Soldapullt original vs III
dkelvey at hotmail.com
Mon Jan 16 20:33:37 CST 2017
It is interesting, I do take longer with the hand tools but I've never seen as much damage as with a desoldering type iron.
The tips are too small to hold a good tin and the suction cools the
joint too fast.
Doing it with regular irom and a pullit does take skill. One has to know
how to work the pin and the iron. One has to know when a pin is
desoldered by feel.
It was mentioned, to freshen the solder first and if there are problems,
refill the joint.
Patience is also required.
From: cctalk <cctalk-bounces at classiccmp.org> on behalf of Jon Elson <elson at pico-systems.com>
Sent: Monday, January 16, 2017 9:35:16 AM
To: General at classiccmp.org; Discussion@
Subject: Re: Soldapullt original vs III
On 01/16/2017 06:40 AM, Corey Cohen wrote:
> So I think I need to upgrade to a real Soldapullt instead of the RadioShack special.
> Is the slimline III model as good as the original bulky one? I don't mind the xtra pressure to push down the plunger on the original, I'm concerned with the effectiveness and ability to get in tight places my Hakko FR gun can't fit easily or when it's not worth changing tips for a single different component.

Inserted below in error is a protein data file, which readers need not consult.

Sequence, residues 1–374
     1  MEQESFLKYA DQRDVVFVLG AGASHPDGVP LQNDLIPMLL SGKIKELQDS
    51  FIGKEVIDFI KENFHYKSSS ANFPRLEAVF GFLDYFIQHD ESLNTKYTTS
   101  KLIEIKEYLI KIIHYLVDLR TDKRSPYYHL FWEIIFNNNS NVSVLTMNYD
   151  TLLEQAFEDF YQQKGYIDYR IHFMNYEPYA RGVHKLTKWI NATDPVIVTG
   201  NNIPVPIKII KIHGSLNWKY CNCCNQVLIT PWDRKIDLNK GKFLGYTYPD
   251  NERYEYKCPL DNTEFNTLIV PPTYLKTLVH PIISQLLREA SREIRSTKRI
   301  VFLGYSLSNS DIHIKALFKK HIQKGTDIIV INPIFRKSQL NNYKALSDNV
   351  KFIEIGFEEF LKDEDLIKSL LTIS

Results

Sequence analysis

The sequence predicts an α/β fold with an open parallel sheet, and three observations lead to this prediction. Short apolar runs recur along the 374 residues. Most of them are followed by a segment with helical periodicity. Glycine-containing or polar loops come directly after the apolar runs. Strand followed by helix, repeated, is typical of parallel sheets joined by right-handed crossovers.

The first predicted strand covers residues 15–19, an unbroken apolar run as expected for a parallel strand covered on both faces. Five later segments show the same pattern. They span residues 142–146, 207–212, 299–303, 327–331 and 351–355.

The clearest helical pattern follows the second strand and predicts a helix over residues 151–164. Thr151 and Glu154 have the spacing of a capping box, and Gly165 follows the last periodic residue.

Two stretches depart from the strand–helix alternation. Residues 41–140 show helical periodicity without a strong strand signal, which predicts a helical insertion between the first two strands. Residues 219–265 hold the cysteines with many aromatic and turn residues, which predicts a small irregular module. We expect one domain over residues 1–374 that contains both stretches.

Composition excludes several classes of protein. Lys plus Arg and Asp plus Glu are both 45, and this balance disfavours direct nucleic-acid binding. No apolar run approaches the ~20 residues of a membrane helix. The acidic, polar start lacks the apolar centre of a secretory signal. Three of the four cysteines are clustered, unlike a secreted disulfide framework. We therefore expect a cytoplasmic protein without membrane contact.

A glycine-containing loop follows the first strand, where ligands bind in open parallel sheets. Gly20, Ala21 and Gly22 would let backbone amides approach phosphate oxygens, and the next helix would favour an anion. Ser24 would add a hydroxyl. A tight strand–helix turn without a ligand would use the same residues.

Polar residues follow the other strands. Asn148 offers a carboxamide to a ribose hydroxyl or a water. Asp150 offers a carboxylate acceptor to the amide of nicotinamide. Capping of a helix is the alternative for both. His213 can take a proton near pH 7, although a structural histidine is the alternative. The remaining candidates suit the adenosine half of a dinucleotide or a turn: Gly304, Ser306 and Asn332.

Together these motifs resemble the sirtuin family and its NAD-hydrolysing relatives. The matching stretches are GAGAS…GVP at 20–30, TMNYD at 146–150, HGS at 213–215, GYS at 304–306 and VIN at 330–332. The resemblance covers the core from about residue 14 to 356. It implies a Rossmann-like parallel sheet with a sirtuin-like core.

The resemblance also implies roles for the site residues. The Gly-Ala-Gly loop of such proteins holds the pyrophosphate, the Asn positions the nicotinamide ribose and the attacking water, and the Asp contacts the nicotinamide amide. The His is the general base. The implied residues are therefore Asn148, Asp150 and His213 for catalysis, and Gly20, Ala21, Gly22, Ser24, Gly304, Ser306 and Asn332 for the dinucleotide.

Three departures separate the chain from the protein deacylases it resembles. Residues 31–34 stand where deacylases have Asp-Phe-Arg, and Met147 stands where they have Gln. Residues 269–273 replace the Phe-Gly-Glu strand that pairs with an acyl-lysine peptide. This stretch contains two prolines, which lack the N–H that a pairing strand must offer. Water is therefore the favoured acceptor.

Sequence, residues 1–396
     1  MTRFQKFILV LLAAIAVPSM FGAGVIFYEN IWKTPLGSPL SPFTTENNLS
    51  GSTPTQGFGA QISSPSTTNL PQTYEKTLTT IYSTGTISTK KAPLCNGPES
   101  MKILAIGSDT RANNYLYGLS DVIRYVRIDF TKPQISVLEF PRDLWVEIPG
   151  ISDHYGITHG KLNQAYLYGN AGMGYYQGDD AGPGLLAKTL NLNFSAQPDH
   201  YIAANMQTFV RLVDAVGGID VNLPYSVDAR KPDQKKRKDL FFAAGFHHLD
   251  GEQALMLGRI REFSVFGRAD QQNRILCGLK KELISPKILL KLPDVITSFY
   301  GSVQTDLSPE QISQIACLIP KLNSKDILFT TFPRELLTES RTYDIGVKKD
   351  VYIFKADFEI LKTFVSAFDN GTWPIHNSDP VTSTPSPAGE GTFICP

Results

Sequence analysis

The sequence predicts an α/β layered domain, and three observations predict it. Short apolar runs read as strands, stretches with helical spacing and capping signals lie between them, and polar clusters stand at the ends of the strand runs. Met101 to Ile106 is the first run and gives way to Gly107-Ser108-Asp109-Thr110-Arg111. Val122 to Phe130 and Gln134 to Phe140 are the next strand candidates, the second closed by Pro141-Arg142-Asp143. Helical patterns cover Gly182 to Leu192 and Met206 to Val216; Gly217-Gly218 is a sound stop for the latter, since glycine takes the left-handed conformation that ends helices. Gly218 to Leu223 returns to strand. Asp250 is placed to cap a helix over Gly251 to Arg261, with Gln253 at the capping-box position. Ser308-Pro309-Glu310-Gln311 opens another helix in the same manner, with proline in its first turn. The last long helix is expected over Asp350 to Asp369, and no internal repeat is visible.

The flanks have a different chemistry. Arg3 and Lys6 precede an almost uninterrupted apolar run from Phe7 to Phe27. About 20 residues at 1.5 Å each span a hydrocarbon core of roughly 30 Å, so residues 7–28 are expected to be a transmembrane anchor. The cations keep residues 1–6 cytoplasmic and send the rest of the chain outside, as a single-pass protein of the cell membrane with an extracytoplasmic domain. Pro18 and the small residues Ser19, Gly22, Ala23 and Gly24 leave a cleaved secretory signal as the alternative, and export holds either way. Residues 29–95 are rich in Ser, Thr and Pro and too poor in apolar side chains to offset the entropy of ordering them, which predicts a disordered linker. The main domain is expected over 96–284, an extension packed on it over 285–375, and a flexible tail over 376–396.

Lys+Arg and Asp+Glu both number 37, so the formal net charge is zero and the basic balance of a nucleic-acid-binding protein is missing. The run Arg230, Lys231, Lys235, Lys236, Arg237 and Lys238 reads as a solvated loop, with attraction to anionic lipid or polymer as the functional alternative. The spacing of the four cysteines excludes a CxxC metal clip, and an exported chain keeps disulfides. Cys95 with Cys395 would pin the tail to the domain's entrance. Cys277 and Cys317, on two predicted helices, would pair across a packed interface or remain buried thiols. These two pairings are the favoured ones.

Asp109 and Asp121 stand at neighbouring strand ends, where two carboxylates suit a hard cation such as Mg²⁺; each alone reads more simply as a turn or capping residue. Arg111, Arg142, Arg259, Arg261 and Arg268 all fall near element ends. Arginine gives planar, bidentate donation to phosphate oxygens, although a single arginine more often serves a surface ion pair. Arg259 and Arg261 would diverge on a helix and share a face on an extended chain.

Well, these things work, but if you've ever used a real
desoldering station with vacuum pump (or venturi pump)
you'll realize how second-rate they are. I routinely
desolder things like 68-pin connectors with a Pace
desoldering tool. The long-acting suction with a pump makes
it work 10X better. The trick, as described in the Pace
manuals, is you heat the connection for several seconds,
then apply vacuum and orbit the tip so it moves the
component pin in the plated through hole. That orbiting
gets ALL the solder out of the hole.
It is amazingly better than the piston-type solder pullers.
There are also units that combine the heated tip with the
piston suction unit, and work better, as the joint is kept
hot while the solder is pulled out. This is kind of in
between the two other types.
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